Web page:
Lincoln Electric Holdings Inc. and other makers of welding rods won a reversal of a $20.5 million jury verdict awarded in 2007 to a welder who claimed their products caused an illness resembling Parkinson’s disease.
The verdict, awarded by a federal jury in Cleveland to welder Jeff Tamraz, was the largest ever in a welding-rod trial. Tamraz claimed that he was harmed by manganese fumes released during the welding process. An appeals court in Cincinnati today set aside the verdict and ordered a new trial, finding that a medical expert’s testimony should have been excluded.
When Dr. Walter Carlini “testified that manganese exposure caused Tamraz’s condition, he went beyond the boundaries of allowable testimony,” a three-judge panel of the court said in a 2-1 decision. His conclusion “was at most a working hypothesis, not admissible scientific ‘knowledge.”
The Tamraz verdict was one of five losses by the industry in 29 cases tried in state and federal courts starting with a $1 million verdict in 2003. A second verdict against the industry, for $2.4 million by a Mississippi jury, was reversed last month by the federal appeals court in New Orleans.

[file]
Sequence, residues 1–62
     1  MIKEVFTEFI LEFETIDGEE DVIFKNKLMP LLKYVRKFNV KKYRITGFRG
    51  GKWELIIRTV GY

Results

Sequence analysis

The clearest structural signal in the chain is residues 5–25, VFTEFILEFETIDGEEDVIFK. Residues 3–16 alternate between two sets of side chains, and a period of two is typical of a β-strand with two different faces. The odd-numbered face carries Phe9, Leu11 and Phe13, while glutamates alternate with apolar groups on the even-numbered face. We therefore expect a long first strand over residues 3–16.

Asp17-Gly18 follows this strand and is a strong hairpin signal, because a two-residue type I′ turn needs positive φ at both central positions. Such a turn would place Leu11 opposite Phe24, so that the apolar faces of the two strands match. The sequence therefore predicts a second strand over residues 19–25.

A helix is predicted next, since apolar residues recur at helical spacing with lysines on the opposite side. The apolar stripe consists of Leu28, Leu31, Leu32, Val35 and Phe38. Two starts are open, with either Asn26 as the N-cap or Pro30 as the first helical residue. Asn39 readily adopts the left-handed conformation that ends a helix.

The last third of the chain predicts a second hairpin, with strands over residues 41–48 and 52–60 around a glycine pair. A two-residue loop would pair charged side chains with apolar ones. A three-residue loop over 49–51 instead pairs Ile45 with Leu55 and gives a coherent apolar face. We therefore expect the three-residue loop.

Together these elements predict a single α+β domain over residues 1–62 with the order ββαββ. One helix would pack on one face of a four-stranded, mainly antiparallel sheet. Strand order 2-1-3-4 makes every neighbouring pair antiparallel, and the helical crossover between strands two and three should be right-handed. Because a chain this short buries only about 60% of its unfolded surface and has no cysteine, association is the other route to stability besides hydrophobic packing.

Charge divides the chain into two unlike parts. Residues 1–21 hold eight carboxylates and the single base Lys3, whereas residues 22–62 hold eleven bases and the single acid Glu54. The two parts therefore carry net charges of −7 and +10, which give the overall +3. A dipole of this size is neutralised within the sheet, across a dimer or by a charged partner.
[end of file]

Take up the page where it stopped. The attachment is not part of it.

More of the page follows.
“The court’s ruling vindicates a position defendants have taken throughout this litigation, that lawsuits cannot be based on speculative or hypothetical science,” Brandy Bergman, an industry spokeswoman, said in an e-mailed statement.
John R. Climaco, Tamraz’s attorney, didn’t immediately return a call for comment.
The Tamraz case is one of about 10,000 once consolidated in federal court in Cleveland against Lincoln Electric and other companies, including units of Illinois Tool Works Inc. and Allegheny Technologies Inc. Most suits have been dropped since the initial filings, and fewer than 800 remain.
The lawsuit is Tamraz v Lincoln Electric Co., 1:04-cv-18948, U.S. District Court, Northern Distr4ict of Ohio (Cleveland). The appeal is Tamraz v. Lincoln Electric Co., 08-4015/4016, U.S. Circuit Court of Appeals for the Sixth Circuit (Cincinnati).